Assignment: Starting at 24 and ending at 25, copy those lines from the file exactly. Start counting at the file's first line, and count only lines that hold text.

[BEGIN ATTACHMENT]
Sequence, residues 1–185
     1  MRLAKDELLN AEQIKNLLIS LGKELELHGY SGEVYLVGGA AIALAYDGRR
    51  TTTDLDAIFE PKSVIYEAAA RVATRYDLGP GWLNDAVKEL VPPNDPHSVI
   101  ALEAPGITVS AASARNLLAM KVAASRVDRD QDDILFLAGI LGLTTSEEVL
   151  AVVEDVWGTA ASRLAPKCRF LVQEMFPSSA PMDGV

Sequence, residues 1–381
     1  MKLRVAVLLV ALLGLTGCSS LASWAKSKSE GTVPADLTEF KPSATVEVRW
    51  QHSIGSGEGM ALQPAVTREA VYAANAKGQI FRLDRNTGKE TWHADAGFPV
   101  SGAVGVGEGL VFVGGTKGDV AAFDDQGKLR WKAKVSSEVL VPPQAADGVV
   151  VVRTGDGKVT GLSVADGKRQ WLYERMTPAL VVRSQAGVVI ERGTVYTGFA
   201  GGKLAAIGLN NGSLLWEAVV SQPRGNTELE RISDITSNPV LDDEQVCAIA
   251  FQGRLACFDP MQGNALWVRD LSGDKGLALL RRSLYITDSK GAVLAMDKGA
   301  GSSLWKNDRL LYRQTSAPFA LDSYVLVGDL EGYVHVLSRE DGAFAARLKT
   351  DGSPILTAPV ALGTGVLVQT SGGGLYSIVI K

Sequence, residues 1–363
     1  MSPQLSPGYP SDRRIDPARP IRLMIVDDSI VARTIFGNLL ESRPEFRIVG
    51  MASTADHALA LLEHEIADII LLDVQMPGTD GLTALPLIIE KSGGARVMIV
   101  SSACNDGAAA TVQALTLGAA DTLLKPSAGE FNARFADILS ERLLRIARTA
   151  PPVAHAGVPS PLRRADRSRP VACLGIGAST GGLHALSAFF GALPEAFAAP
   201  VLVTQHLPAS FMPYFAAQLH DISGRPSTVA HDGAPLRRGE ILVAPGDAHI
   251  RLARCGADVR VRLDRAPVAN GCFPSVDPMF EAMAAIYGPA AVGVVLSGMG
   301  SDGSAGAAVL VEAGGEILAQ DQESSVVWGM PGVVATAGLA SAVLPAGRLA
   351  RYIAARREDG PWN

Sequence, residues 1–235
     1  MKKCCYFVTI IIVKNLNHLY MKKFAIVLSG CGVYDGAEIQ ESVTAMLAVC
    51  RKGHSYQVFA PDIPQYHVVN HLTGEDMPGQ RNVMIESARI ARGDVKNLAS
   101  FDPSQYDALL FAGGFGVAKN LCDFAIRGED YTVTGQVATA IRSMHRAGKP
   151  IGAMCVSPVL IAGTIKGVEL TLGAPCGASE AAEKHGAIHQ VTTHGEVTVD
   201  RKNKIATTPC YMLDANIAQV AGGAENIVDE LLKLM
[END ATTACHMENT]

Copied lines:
Sequence, residues 1–235
     1  MKKCCYFVTI IIVKNLNHLY MKKFAIVLSG CGVYDGAEIQ ESVTAMLAVC